Cardiomyocyte differentiation of mouse and human embryonic stem cells


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    From a paper presented at the International Symposium on Embryonic Stem Cells – Prospects for Human Health, at the University of Sheffield, UK, 10 September 2001.

Dr C. Mummery, Hubrecht Laboratory, Netherlands Institute for Developmental Biology, Uppsalalaan 8, 3584 CT Utrecht, the Netherlands. E-mail:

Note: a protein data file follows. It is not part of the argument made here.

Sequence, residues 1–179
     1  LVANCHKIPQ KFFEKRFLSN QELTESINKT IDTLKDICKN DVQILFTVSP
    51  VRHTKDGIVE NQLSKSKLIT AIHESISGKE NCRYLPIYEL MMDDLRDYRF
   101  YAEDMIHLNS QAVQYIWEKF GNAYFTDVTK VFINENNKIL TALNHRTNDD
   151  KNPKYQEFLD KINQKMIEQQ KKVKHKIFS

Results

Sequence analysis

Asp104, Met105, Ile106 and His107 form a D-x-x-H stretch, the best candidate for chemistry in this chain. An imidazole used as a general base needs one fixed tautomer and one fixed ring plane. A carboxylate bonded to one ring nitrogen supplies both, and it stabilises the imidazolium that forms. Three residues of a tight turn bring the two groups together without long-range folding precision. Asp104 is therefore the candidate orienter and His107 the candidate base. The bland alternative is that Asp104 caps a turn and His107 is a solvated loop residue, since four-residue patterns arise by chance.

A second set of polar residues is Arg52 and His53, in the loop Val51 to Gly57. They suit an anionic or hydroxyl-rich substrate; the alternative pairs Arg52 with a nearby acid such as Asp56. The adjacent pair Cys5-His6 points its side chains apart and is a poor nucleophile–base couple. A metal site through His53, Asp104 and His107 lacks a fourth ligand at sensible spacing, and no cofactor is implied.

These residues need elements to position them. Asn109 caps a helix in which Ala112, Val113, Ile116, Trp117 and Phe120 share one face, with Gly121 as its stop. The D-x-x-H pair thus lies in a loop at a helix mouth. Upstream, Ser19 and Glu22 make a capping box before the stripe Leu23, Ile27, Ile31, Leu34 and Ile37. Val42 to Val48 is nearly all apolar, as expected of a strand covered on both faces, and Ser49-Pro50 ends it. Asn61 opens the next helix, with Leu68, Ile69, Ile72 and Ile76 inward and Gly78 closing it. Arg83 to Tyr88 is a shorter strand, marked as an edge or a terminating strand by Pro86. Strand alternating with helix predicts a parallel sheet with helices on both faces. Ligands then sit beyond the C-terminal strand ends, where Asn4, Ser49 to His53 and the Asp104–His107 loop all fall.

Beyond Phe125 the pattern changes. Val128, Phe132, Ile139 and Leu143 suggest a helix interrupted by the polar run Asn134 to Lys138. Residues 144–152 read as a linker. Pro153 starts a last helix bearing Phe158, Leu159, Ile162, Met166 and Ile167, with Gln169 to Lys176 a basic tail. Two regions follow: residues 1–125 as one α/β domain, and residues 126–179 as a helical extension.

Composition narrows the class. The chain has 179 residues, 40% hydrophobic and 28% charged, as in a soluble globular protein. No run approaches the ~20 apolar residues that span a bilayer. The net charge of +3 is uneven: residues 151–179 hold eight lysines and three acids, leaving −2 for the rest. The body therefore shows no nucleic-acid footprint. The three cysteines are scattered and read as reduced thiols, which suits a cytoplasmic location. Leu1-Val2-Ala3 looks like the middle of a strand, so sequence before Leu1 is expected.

Ischaemic heart disease is the leading cause of morbidity and mortality in the western world. Cardiac ischaemia caused by oxygen deprivation and subsequent oxygen reperfusion initiates irreversible cell damage, eventually leading to widespread cell death and loss of function. Strategies to regenerate damaged cardiac tissue by cardiomyocyte transplantation may prevent or limit post-infarction cardiac failure. We are searching for methods for inducing pluripotent stem cells to differentiate into transplantable cardiomyocytes. We have already shown that an endoderm-like cell line induced the differentiation of embryonal carcinoma cells into immature cardiomyoctyes. Preliminary results show that human and mouse embryonic stem cells respond in a similar manner. This study presents initial characterization of these cardiomyocytes and the mouse myocardial infarction model in which we will test their ability to restore cardiac function.